Tunisia: The Harbinger for Egypt’s Day of Departure
The one month Jasmine Revolution in Tunisia which saw president Zine el Abdine Ben Ali flee the country and seek refuge in Saudi Arabia, has become the harbinger for Egypt. It was against the proclivities of the two governments to carry on with seemingly bad political reforms that have left the two countries stock with massive unemployment and a low standard of living. (Photo: Tunisia’s Jasmine Revolution)
Before, most revolutions were named after their countries, the Russian Revolution, the English Revolution, and the Mexican Revolution etc. Now the names of flowers like Jasmine have become the common means by which people revolt against oppressive governments. The name Jasmine Revolution was tagged by a seasoned Tunisian journalist; Jasmine itself is the country’s most popular flower.
The said Revolution started in Tunisia when police officers trying to enact the law confiscated the supplies of a petty trader. The trader was a 26-year-old unemployed university graduate selling fruits to make a living. He became devastated and set himself ablaze. The police said they were doing their job by enacting the laws of the country, and claimed that the victim failed to produce the necessary permit to trade. But the police by exercising their duty, failed to realise that the populace had become fed-up with the government. In fact people had thronged the street in protest like wildfire in the harmattan wind. The protesters didn’t stop until the regime collapsed and the president Ben Ali, escaped like a cat with its tail in between its legs.
However, the ‘Jasmine smell’ didn’t only stop in Tunisia, it whiffed across the border like fireworks that produce incessant hissing sounds before exploding into neighbouring Egypt. Yes it’s a political squib against a tyrannical government in Egypt led by a nefarious leader in Hosni Mubarak. President Mubarak has been in power close to thirty odd years. With the help of the United States of America, his closest ally (the second largest America’s aid recipient after Israel), he brought some semblance of freedom and development into the country. But his dictatorial tendencies and bad political reforms were none of its kind in Africa.
Egypt is a country blessed with ancient artefacts and wonderful pyramids which attract thousands of tourists every year. And the tourist sector provides six percent of Egypt’s revenue. But bad leadership coupled with poor political reforms and massive corruption had not helped, to say the least. The attempt of President Mubarak to resist the people’s call for political change would further put Egypt into the edge of downward economic spiral. The fact Mubarak stated in a televised speech that there would be more chaos if he stepped down to allow ‘free and fair’ elections in September, to me was a way of buying time and plunging the embattled country into further lawlessness and anarchy.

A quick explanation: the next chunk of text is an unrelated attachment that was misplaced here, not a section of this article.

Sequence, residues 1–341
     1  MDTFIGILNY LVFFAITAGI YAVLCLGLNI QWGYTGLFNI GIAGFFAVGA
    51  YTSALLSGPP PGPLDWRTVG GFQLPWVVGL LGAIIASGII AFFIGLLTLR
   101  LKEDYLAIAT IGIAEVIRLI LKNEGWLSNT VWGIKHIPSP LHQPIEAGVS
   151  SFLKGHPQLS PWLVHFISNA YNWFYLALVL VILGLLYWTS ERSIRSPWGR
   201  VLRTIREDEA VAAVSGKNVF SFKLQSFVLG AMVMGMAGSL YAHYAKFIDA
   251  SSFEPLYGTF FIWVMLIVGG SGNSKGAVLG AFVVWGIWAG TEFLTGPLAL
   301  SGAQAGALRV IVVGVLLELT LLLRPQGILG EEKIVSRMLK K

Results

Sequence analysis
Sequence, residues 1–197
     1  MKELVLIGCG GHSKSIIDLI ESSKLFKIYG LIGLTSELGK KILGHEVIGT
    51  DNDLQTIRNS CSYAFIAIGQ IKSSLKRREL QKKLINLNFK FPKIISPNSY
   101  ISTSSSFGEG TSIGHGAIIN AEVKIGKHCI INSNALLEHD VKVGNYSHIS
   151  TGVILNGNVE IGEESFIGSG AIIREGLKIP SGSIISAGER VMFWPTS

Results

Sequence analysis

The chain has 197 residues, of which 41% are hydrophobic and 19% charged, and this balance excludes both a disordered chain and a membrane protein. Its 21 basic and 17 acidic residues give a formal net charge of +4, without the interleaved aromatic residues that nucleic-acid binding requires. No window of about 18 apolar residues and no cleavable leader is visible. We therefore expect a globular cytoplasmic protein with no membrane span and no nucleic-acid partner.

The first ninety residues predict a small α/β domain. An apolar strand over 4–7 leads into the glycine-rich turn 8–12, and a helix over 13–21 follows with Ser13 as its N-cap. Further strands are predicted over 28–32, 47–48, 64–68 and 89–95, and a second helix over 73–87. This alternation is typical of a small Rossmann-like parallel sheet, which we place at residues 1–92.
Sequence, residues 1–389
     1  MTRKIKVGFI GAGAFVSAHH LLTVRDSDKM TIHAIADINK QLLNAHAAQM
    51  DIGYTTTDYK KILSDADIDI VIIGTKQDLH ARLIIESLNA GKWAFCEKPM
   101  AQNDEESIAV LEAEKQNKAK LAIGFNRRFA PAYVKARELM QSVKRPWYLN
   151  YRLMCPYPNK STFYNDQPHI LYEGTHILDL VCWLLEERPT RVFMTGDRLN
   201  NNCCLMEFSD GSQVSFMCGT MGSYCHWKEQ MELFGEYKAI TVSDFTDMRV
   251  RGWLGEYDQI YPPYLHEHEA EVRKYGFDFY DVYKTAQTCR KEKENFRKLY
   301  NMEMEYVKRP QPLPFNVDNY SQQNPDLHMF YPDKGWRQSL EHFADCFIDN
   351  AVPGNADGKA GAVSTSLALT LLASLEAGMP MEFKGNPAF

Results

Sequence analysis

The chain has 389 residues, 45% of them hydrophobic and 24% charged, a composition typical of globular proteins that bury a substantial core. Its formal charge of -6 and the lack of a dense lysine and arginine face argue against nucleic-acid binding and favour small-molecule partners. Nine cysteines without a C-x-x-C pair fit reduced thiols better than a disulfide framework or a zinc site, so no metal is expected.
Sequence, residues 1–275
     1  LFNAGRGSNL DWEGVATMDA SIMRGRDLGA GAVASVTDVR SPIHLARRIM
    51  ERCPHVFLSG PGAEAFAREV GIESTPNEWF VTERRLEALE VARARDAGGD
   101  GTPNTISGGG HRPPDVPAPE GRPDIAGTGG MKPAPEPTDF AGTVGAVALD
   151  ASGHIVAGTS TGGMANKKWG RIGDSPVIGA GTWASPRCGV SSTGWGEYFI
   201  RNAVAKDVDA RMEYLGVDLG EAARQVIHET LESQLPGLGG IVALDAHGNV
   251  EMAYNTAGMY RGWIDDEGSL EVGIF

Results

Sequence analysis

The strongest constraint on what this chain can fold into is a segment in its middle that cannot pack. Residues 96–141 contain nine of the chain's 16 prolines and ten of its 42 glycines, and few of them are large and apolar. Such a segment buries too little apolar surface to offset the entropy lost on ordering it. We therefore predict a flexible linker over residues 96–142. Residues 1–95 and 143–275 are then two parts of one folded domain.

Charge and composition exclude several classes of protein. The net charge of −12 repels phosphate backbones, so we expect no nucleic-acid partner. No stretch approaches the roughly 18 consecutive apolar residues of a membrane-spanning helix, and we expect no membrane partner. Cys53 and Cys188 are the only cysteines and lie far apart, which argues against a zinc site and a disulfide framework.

Tunisia, and now Egypt, has become the epicentre of a revolution whose cohorts and pro-democrats believe in the ideas of freedom, justice and liberty that they have never enjoyed in the hands of their regimes. It is a fact that is sending seismic tremors to the authoritarian regimes of the Middle East. Seemingly, without reaching there, regimes in Algeria, Jordan, Yemen and even Syria have started taking pre-emptive moves by calling for political reforms.
The Middle East and the entire Arab world would never be the same again, as the people have come to the realisation that freedom, democracy and freedom of expression constitute their inalienable right. What is the vision of the western world, especially America, on the current political imbroglio in Egypt? Yes they want political reforms as they are the praise-singers of the new order. And it is an open secret that Mubarak’s reign as a president is at the end. But who does America prefer to take over the reins of government? Is it the Muslim Brotherhood or President Mubarak’s own party? I think they would prefer the later. America believes that it is only the later that is supporting the peace agreement between Israel and the Palestine. In my view and from what I have noticed American would support the change of leadership and not the party, which is contrary to what majority of the Egyptian people would want – that is, change of leadership and party.
Also, Israel is now grappling with the fear of the contagious revolution in Egypt and probably terrified that it might lead to an Islamist takeover by the Muslim Brotherhood, their greatest enemies. The brotherhood has close ties with the Hammas militants who more-or-less rule the Gaza Strip. The Muslim Brotherhood was banned by President Mubarak but could now become a major player if a new political dispensation is ushered in. They have become more popular among the populace in recent years due to the dictatorial tendencies of the current regime. So Israel thinks if there is a change of government now the Muslim Brotherhood would likely win and they denounce that. They see the Muslim Brotherhood as a terrorist group supporting Hammas and other enemies of Israel. Therefore, Israel by any means is not supporting the protest movement that is calling for democratic and transparent government in Egypt. Even the western world is now in a state of limbo as any government headed by the Muslim Brotherhood could undermine their interest in the Middle East and the protracted peace process going on between Israel and Palestine. Hence, they are paying lip-service to the political upheaval in Egypt.
Idrissa Koroma (Babito), UK
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